Presentation on theme: "Supporting your son/daughter with their revision Thomas Hardye School Thursday 7 March Welcome."— Presentation transcript:
Supporting your son/daughter with their revision Thomas Hardye School Thursday 7 March Welcome
It doesn’t have to be like this…
Three Truths Students who know more do better in exams Students who revise know more than those who don’t. Students who know how to revise do it more effectively
And some lies It’s too early to start yet It’s too late to start now No-one else has started revising You can’t revise for …. You don’t need to do well in ……. Revision is boring. It’s just staring at a book I can revise and listen to music/watch the TV All you can do is your best
Knowing how to revise Being ready to learn Knowing how you learn
Being ready to learn It’s time for a test…
So, being in the right frame of mind is vital As a parent, you can help this to happen by… -Being relentlessly optimistic -Using positive presuppositions -Emphasising the positives; don’t dwell on errors -Picking your battles – let them listen to music! -Not joining in the anxiety – be a model of calm confidence -Not continually referring to how you revised at school, or to how siblings revised etc
Knowing how you Learn -Visual -Auditory - Kinaesthetic
Variety and Novelty Subject Length of time Revision or learning style
Ten revision methods Spend some time each day on rote learning.
Revision Methods Do exam questions from past papers (for an hour or ten minutes or …)
Revision Methods Invent and learn mnemonics For example, Romeo and Juliet…
Romeo and Juliet R = Romantic O = Order vs Chaos M = Mercutio E = Exile O = Old vs Young
Revision Methods Read one page in five (and a whole book in an hour) Read just the introductions and conclusion to chapters (and a whole book in an hour)
Revision Methods Reduce everything you know on a topic to 500 words, then to 200, then to 50, then to 10. Write those ten on a card for the morning of the exam
Revision Methods Use the internet or buy revision guides Watch BBC Bitesize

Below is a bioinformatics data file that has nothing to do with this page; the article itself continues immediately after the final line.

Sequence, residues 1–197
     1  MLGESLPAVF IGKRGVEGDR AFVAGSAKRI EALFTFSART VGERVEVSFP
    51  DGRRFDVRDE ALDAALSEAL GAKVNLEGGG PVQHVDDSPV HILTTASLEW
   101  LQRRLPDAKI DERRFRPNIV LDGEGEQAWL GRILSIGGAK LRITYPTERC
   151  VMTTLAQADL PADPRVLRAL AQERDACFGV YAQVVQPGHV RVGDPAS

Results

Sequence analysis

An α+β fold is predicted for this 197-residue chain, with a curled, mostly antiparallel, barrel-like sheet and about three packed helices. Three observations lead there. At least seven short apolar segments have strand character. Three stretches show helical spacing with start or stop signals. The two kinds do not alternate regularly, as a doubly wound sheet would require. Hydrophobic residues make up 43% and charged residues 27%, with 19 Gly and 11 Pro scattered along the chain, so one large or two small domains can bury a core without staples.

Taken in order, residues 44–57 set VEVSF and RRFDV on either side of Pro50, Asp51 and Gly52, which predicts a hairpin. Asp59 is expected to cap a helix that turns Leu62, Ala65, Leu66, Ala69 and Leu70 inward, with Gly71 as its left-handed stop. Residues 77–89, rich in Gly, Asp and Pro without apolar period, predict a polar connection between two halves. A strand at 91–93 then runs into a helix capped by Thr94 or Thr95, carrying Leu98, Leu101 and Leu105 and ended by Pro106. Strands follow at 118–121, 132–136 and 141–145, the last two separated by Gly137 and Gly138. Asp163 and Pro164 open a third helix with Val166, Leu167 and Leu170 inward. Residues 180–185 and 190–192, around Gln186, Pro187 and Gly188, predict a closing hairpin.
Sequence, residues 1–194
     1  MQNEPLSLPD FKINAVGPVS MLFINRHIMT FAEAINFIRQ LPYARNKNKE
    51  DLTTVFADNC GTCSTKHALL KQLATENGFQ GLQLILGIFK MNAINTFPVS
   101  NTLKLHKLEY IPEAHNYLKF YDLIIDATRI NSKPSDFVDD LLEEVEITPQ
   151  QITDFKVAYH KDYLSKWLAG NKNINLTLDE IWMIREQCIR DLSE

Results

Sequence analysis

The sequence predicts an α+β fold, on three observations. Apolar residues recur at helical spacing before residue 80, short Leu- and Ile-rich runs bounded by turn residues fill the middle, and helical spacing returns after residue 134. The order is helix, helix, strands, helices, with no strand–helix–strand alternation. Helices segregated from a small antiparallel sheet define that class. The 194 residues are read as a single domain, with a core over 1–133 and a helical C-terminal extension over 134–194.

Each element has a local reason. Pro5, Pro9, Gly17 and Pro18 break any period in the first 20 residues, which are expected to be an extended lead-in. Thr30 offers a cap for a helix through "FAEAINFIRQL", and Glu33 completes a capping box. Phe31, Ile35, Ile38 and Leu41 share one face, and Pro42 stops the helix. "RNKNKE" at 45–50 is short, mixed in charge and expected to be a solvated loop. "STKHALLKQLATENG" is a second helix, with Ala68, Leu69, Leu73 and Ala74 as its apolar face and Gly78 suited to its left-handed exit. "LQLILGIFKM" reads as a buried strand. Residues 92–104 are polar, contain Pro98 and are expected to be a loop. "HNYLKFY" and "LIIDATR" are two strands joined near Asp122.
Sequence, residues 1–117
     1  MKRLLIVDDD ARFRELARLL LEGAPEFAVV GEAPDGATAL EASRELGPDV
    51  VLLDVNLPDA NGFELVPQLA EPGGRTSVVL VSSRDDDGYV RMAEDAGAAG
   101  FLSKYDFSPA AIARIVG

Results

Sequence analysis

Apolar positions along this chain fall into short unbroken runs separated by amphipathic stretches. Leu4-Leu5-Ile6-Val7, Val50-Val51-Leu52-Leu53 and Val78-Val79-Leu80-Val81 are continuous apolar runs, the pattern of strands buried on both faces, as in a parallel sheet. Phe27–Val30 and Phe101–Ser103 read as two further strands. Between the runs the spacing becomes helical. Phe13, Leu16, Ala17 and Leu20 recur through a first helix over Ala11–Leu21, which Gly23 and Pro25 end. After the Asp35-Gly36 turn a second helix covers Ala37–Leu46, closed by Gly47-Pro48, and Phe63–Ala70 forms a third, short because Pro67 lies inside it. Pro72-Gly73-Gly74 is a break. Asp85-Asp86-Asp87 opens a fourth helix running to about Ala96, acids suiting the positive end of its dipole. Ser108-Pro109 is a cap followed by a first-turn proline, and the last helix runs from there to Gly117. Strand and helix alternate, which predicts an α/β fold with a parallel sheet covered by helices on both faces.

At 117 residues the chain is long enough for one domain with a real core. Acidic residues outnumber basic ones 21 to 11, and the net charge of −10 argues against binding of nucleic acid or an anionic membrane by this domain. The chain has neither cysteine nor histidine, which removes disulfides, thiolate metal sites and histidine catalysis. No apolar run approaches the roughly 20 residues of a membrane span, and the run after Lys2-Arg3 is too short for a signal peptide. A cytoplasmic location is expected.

Revision methods Make flow charts, diagrams, graphs, drawings as well as notes.
Revision methods Make podcasts and then listen to them repeatedly
Revision methods Go to after-school revision classes
Revision Methods Make mind maps, put them on your wall and add to them every day
Revision Methods Work with a friend to teach each other
Revision methods At the end of each day, write everything you have learned in very quick bullet points. And then read them first thing in the morning.
Revision timetable Date Subjects Times What Physics 4.00 – 4.30 Three exam questions English 4.45 – 5.30 Read R+J Act 1-3 RE 5.45 – 6.00 Learn 5 key quotations Maths 7.00 – 7.20 Exam questions Biology 7.30 – 8.15 Make notes, Circulation French 8.30 – 9.00 Revise traffic and camping All 9.00 – 9.05 Ten things I learned today
Learning Environment The place The time The calm Food and drink Built in rest time Physical activity
Some thoughts Some is better than none; a lot is better than too much. It is unwise to do too much on one day and none on another. Your concentration span is constantly changing. It depends on the time of day, what you’re doing and what you’ve done before. Half an hour is an accepted average before you need a change of activity. Sometimes it’s ten minutes, sometimes three hours. Students should have one day a week free from revision, as long as they work eight hour days the rest of the week. Breaks are essential, a 20 minute break every 90 minutes will refresh you Walking, the sea and fresh air are good for the brain.
Parents… Know how your son/daughter learns best Know when they learn best Know where they learn best Give them the space and the opportunities Be positive & encouraging; don’t dwell on errors Get involved Don’t join in the anxiety; be a model of serene confidence If in doubt, contact the school…